Finally, seek out professionals and leaders in other fields of expertise. An executive coach, mental health therapist, religious leader, athletic trainer, yoga, dance, or music teacher, or spiritual guide may also offer unique and varied points of view to your BOD.
After consideration, Liana felt a personal BOD would be helpful to share expertise, serve as an impartial sounding board, and surface and remove blind spots. Liana realized the importance of reaching out to the BOD for guidance and insight to help her make informed, strategic recommendations.
Cultivate your Network
Relationship building may seem a bit overwhelming, particularly if you are not a ‘people person’. At its core, it involves proactively reaching out to people in your organization, in your profession and your industry. Consider why you want a particular relationship and how you can get to know the person better. For each person you want to build a mutually beneficial relationship with, consider one thing you can freely give them. When you seek to give to others first, instead of asking for what you want or need, you’ll experience the power of reciprocity in action.
Liana and I created a relationship mind map to visualize the formal and informal reporting structures within her organization. This helped her understand formal and informal cultural ways of getting work done. From this mind map, we created a strategic relationship roadmap with milestones and deadlines to identify and prioritize with whom she wanted to build relationships over time.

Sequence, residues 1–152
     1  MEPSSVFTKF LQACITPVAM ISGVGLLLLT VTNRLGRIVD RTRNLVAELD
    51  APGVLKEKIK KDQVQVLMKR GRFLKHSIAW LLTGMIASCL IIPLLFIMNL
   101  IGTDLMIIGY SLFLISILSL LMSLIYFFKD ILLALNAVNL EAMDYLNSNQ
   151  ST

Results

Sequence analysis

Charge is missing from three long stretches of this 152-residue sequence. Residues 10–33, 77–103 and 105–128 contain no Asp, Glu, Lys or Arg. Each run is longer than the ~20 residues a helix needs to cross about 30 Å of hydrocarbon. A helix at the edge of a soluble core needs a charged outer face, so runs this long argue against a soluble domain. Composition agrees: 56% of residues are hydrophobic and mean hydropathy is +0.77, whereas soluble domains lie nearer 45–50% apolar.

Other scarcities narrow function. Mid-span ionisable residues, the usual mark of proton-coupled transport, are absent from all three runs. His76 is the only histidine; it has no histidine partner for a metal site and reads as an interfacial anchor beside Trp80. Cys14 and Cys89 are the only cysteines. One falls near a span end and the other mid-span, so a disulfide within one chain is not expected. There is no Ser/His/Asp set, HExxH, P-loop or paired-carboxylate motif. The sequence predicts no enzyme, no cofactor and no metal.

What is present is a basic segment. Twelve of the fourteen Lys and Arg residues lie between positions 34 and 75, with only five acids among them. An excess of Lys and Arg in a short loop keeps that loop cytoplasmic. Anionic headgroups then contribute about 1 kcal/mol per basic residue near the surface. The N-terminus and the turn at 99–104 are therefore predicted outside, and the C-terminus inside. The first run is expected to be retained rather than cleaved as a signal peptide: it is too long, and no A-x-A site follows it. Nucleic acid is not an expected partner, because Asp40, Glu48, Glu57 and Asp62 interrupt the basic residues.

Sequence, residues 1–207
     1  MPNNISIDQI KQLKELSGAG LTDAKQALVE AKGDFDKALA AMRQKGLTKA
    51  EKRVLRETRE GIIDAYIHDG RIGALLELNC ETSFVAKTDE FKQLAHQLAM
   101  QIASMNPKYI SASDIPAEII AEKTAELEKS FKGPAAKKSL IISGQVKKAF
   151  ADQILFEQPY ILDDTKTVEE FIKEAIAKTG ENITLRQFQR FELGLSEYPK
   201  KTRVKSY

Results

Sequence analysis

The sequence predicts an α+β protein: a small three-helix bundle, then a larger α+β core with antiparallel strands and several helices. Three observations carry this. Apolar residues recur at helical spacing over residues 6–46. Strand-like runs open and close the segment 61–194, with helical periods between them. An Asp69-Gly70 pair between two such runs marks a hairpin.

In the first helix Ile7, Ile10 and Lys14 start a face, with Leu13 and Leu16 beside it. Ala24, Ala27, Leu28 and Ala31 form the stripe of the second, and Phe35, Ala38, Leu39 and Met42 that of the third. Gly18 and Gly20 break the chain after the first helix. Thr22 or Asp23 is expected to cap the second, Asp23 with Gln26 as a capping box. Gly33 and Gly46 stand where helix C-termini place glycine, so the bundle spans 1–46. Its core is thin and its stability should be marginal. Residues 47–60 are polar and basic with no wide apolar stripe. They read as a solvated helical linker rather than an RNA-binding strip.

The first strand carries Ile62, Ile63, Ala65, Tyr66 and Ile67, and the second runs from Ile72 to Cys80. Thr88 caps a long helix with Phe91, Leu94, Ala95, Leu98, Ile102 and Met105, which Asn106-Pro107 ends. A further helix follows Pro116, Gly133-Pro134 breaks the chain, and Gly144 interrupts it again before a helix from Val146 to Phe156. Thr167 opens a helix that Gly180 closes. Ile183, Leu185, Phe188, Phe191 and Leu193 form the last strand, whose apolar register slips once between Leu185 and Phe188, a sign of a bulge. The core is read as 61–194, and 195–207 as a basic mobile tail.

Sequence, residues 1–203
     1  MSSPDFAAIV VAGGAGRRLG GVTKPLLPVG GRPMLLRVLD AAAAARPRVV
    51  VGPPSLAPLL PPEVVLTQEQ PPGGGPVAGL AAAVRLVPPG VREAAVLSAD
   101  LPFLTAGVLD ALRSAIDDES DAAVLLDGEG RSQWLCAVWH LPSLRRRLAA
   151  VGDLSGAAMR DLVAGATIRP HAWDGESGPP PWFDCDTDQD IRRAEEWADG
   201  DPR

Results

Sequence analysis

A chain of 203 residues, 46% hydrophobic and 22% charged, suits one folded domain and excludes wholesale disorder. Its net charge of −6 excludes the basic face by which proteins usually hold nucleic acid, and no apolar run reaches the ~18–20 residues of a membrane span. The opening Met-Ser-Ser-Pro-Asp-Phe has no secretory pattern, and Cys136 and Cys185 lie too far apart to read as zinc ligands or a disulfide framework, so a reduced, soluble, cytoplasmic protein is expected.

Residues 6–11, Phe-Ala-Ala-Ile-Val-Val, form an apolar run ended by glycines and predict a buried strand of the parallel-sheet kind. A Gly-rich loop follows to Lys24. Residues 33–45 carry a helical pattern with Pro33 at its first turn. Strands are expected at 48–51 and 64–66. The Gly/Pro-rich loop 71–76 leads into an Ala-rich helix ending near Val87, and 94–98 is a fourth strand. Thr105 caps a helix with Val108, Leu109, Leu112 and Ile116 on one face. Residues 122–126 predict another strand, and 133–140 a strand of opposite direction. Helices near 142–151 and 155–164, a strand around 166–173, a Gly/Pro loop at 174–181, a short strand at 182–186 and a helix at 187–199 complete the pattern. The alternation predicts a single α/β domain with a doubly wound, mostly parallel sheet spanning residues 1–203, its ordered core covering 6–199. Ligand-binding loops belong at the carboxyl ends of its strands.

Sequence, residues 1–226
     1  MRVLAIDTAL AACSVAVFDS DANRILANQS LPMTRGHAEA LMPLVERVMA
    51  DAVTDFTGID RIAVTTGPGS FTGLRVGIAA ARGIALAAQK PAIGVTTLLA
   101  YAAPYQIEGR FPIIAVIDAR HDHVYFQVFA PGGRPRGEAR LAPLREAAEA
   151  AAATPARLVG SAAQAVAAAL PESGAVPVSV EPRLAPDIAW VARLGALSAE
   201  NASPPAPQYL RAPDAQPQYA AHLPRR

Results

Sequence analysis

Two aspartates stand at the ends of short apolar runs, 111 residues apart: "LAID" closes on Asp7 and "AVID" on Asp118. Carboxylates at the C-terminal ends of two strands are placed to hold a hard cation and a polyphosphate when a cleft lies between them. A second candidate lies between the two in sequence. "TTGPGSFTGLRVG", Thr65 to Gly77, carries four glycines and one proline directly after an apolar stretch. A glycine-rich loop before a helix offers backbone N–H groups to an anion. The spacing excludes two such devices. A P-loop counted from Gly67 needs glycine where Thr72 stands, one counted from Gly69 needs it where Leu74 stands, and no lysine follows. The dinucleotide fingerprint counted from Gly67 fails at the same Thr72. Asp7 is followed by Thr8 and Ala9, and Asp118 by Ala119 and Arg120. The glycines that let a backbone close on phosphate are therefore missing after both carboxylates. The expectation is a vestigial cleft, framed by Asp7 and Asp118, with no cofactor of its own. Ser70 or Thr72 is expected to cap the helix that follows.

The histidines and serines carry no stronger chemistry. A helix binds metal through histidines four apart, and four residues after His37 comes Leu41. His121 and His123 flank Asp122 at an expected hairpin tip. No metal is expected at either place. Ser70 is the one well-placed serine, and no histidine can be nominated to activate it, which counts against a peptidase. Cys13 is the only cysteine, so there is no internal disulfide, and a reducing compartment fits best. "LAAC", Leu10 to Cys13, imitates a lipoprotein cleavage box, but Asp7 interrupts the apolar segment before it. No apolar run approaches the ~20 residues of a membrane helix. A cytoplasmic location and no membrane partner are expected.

Often throughout your career, you may find that tasks assigned are less challenging than you would like and don’t stretch you. However, it’s still important to do your best and produce high-quality deliverables. This standard of excellence will help others perceive you as credible and build your brand as a top performer.
Once you exceed expectations on assigned tasks and demonstrate mastery of the fundamentals, then you can explore stretch assignment opportunities, including new projects, roles or tasks which require you to learn new skills. Exposing yourself to different cultures, organizations and stretch assignments offers you a broader range of experiences to draw upon when assessing situations. Deepening your expertise through challenging projects extends your foundational knowledge base and has an additive effect. Research shows that this cumulative knowledge then helps you further develop, enhance and refine your professional judgment which can accelerate your career.
Liana, for instance, worked hard to deliver high-quality results that helped her leaders and colleagues perceive her as credible. Then, she worked with her manager to identify several stretch assignments she wanted to pursue. We then developed an outreach strategy for her to connect with the respective managers of those stretch assignments and build relationships.
Expand Your Focus
The business world can be confusing and difficult to navigate. We tend to narrow our focus to deal with the tasks assigned. But to cultivate professional judgment, it’s very important to take a broader system and holistic view.